With a name like Domenikos Theotokopoulos, it’s no wonder we know him better as El Greco.
An exhibition commemorating the 400th anniversary of the influential Spanish painter’s death opened at the National Gallery of Art Sunday.
With seven El Greco pieces in its arsenal, the National Gallery boasts the largest collection of his work outside Spain, according to His Excellency Ramón Gil-Casares, the Spanish ambassador to the U.S.
El Greco’s art was shaped by his early experiences as an icon-painter in Crete, Greece, and by his career as an oft-commissioned painter in Toledo, Spain, Gil-Casares said.
“Blending diverse influences – Byzantine, renaissance, and mannerist – [El Greco] developed a unique style that reflects the religious fervor of counter-reformation Spain,” he said.
“Beloved by many,” said gallery director Earl A. Powell III, El Greco’s paintings “reveal his spirituality with haunting intensity.”
Greco explores religious themes with “his most personal aesthetic,” Gil-Casares said.
Two pieces feature meetings of Jesus Christ and St. John the Baptist – one as fetuses in the wombs of the Virgin Mary and St. Elizabeth, respectively, and one as infant and toddler in their early lives.
El Greco also peppered his work with religious symbolism, a leftover from his icon-painting days.
One painting includes a lion and a lamb, another brings forth St. Peter’s set of keys. One portrays St. Jerome, who translated the Latin Vulgate Bible, as penitent, having used a rock “to beat his chest in repentance for his love of Classical learning.” Another presents St. Francis, founder of a monastic order, having a vision of Christ.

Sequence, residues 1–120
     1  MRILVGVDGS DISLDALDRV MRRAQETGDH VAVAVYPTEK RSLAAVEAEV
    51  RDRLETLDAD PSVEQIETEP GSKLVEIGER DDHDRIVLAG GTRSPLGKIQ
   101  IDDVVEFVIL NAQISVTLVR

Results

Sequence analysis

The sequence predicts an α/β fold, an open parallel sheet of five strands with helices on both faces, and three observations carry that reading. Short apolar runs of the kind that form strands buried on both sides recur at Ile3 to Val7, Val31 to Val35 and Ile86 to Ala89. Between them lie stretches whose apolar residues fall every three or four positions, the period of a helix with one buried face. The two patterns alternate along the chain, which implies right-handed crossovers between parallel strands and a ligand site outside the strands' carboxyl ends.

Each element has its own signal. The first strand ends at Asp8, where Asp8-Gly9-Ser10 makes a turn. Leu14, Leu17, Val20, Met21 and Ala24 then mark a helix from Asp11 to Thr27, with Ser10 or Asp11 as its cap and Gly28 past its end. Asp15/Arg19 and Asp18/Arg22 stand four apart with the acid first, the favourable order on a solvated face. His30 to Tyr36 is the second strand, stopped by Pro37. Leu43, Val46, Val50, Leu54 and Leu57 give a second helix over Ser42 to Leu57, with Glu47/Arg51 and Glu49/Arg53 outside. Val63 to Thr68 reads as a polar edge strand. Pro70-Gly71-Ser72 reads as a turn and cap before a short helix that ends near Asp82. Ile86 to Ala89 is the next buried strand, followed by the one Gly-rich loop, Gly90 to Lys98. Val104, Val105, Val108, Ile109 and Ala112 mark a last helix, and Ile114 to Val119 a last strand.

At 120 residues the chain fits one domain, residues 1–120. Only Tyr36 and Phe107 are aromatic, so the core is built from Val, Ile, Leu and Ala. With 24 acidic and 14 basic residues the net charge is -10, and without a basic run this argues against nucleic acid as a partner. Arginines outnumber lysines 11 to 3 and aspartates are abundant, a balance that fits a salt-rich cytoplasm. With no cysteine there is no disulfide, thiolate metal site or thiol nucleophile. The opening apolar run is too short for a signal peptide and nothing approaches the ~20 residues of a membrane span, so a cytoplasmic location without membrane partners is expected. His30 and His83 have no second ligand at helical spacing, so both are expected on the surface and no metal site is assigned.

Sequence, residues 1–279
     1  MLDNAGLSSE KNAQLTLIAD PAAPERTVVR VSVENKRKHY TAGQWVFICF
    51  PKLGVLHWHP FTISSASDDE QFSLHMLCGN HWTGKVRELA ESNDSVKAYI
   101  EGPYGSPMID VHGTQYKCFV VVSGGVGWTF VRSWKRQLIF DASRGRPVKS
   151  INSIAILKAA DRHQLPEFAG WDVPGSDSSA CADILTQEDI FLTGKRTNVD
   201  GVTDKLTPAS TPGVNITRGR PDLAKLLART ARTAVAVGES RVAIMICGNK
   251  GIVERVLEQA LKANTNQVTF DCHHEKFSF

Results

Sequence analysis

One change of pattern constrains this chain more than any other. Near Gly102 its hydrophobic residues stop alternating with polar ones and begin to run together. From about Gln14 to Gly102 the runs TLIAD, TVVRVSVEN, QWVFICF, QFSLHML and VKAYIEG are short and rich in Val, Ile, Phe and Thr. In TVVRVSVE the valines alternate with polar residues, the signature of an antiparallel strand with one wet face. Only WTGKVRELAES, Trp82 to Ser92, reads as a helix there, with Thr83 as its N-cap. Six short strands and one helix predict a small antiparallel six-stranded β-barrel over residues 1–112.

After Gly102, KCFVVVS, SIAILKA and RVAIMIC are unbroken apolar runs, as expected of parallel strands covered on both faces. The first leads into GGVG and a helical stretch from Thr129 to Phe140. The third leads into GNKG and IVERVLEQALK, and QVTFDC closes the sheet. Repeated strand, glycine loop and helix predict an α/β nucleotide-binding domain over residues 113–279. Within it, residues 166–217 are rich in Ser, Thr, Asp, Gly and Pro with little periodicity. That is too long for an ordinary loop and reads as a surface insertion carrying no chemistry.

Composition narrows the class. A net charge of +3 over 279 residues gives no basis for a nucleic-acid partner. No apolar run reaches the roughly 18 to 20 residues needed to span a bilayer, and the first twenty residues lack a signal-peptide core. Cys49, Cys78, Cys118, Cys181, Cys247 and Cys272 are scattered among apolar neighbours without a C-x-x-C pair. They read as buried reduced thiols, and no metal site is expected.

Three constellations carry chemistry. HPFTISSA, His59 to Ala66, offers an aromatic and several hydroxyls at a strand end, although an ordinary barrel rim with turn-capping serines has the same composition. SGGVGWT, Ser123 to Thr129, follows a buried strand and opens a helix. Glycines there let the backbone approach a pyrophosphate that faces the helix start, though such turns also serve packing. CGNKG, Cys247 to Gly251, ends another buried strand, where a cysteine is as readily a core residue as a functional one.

Arguably the most notable of the exhibit is El Greco’s only mythological work – a reimagining of a scene from Virgil’s “Aeneid” in which the gods send snakes to kill a Trojan that has spoken ill of the Greeks. El Greco, however, transported the scene to his adopted home city of Toledo, Spain, and replaced certain elements of the story with new, surprisingly surreal ones.
One undercurrent of all of these pieces is the bright, ethereal, stormy aesthetic quality of El Greco’s work. It is characterized by white-hot light sources (often light from some divine source), harsh brushstrokes and an almost surreal aesthetic brought on by deep spirituality.
Although El Greco’s work fell out of view soon after the artist’s death four hundred years ago, “his expressive style fascinated the early twentieth century American [art] collectors,” Powell said. This led to increased showing and appreciation from various artists, including Pablo Picasso, who based several paintings on El Greco’s work and style.
Still today, though, Powell said that audiences either love or hate El Greco’s work.
“People react,” he said. “You can’t be indifferent when you look at a painting by Greco.”
The exhibit at the National Gallery of Art opened Nov. 2 and runs until Feb. 16, 2015.
Evan Berkowitz is a freshman journalism major and can be reached at firstname.lastname@example.org.
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